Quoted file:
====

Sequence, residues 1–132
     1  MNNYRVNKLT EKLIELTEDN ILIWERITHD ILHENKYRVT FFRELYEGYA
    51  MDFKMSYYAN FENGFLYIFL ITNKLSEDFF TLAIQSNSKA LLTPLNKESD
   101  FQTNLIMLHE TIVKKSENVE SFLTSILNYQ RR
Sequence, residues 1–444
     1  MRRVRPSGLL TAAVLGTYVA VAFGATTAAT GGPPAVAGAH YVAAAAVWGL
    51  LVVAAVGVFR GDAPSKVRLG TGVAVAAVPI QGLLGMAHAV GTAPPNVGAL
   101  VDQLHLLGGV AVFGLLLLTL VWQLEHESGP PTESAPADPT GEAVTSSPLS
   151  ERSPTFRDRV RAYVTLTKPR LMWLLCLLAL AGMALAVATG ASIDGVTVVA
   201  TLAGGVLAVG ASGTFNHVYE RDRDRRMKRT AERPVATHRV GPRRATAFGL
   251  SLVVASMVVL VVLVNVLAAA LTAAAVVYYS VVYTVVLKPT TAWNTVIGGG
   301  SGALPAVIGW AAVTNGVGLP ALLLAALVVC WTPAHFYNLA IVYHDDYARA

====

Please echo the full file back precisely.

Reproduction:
Sequence, residues 1–132
     1  MNNYRVNKLT EKLIELTEDN ILIWERITHD ILHENKYRVT FFRELYEGYA
    51  MDFKMSYYAN FENGFLYIFL ITNKLSEDFF TLAIQSNSKA LLTPLNKESD
   101  FQTNLIMLHE TIVKKSENVE SFLTSILNYQ RR
Sequence, residues 1–444
     1  MRRVRPSGLL TAAVLGTYVA VAFGATTAAT GGPPAVAGAH YVAAAAVWGL
    51  LVVAAVGVFR GDAPSKVRLG TGVAVAAVPI QGLLGMAHAV GTAPPNVGAL
   101  VDQLHLLGGV AVFGLLLLTL VWQLEHESGP PTESAPADPT GEAVTSSPLS
   151  ERSPTFRDRV RAYVTLTKPR LMWLLCLLAL AGMALAVATG ASIDGVTVVA
   201  TLAGGVLAVG ASGTFNHVYE RDRDRRMKRT AERPVATHRV GPRRATAFGL
   251  SLVVASMVVL VVLVNVLAAA LTAAAVVYYS VVYTVVLKPT TAWNTVIGGG
   301  SGALPAVIGW AAVTNGVGLP ALLLAALVVC WTPAHFYNLA IVYHDDYARA